Seeing The English Patient in the 1930s Lyric Theatre in Blacksburg, VA enveloped me in the dawn-of-WWII era portrayed in the film. I was nineteen and thoroughly captivated; the sensual imagery of the film and its poignant score, wrapped up in the time-halting Art Deco walls of the Lyric, made an inedible and surreal impression on me.
I suppose The English Patient was the Doctor Zhivago of my generation, and comparisons between the two have been invited… although in this review, as with many others, there’s not a single mention of Gabriel Yared’s Oscar-winning (1996) score. Why? Filmtracks.com more or less pans it: “For many film score enthusiasts, however, this score completely fails to function outside of the film’s ambient personality, and in many regards, it’s one of those rare cases where the film completely carries the score”. This raises an interesting question to me about the purpose of film music and the lens through which it is appraised. Is a film score only considered “great” when it can stand alone? If so, where does that leave the main motif from Jaws? When heard alone, those E-F-E-Fs on the low strings are vaguely menacing, but when combined with the film, they’re truly terrifying. So perhaps, much like the commonplace yet essential belt or screw in a Ferrari engine, some scores can succeed by being symbiotic: integral as a component of the functioning whole.
Whatever your opinions on this particular argument, Gabriel Yared, who was honored at the Ghent Film Festival in 2011, doesn’t create scores in post-production, fitting music to the final edits. He described his process of fitting music to the film to the Hollywood Reporter at the time of the award ceremony:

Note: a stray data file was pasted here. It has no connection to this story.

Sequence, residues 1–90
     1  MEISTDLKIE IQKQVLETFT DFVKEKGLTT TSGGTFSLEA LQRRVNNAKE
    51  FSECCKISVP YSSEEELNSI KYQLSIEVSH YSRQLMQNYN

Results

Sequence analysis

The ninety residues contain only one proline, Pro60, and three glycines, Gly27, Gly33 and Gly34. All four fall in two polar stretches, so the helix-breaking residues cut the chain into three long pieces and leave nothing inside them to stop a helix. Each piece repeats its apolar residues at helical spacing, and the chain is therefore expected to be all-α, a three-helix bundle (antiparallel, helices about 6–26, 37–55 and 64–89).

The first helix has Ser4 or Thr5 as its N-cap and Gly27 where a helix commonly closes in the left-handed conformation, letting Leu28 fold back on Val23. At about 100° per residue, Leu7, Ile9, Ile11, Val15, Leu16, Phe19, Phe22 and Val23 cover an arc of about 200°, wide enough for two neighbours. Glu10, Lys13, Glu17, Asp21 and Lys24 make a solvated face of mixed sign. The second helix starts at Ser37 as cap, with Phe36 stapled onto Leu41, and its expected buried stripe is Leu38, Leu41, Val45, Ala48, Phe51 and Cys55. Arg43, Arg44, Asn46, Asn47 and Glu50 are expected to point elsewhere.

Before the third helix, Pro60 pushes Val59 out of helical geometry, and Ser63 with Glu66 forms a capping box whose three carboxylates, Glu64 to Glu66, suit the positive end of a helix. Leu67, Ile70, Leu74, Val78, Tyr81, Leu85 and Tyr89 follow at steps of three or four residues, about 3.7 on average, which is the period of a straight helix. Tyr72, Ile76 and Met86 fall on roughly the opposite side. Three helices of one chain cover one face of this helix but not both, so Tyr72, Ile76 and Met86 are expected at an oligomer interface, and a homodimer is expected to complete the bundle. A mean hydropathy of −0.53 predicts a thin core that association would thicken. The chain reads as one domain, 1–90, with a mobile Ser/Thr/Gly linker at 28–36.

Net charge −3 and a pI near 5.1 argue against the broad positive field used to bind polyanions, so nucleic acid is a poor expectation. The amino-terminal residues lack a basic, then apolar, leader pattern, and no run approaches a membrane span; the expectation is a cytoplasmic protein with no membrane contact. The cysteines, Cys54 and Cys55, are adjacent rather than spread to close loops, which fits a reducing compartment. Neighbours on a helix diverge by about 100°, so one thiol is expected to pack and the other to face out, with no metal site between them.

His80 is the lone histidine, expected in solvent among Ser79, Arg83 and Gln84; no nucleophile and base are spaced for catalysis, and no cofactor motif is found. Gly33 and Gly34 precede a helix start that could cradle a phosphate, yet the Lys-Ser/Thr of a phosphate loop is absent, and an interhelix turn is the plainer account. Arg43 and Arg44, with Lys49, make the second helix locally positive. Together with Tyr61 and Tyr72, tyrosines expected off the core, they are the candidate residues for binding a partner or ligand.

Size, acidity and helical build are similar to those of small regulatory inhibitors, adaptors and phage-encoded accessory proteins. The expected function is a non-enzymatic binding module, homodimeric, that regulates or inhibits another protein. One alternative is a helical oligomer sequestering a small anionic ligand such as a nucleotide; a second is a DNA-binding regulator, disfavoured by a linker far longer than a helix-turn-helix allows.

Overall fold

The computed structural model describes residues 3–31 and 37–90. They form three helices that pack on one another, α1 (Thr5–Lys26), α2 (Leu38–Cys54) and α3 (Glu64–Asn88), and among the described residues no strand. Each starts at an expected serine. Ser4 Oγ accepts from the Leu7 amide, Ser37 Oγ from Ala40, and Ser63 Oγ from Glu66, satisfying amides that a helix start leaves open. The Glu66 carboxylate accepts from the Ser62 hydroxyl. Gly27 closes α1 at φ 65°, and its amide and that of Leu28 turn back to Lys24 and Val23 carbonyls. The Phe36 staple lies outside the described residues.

“I work before the film, before the images … I talk to the directors, go to the shooting, meet the actors, meet the cinematographers,” he said. “If I have to see the film, I see the film in an early form and then I stop looking at it. I look to my imagination before starting to work just on a shot by shot [basis].”
Yared’s technique of wrapping himself in the soul of the film early on is evident to me in his score, which is successful and memorable as a complete integration of the film. It definitely contributed to my immersion into The English Patient on that moody summer evening at the Lyric Theatre. One motif in particular has always tickled my ear. It’s short, deceptively jam-packed with emotions, and perfectly captures the mysterious English Patient’s ethereal joy and sorrow. I hear bliss, wistfulness, an otherworldly mystery, profound sadness, pathos and calm in fewer than 10 chords.
Here is my piano transcription of Gabriel Yared’s “Herodotus” (click to view full-size):
This theme appears during the scene when Almásy and Katherine sit out the sandstorm in the car (music cue starts 1:20), merging into Almásy’s reclusive flashback in the villa.
I would assert this gorgeous little poem of a theme could be compared to Wagner’s Tristan and Isolde chords which are chiseled into every music major’s brain during sophomore year. My question: when will modern film scores of this caliber, clearly more sophisticated than a (still lovely) Mozart divertimento, receive airplay on my local WETA station?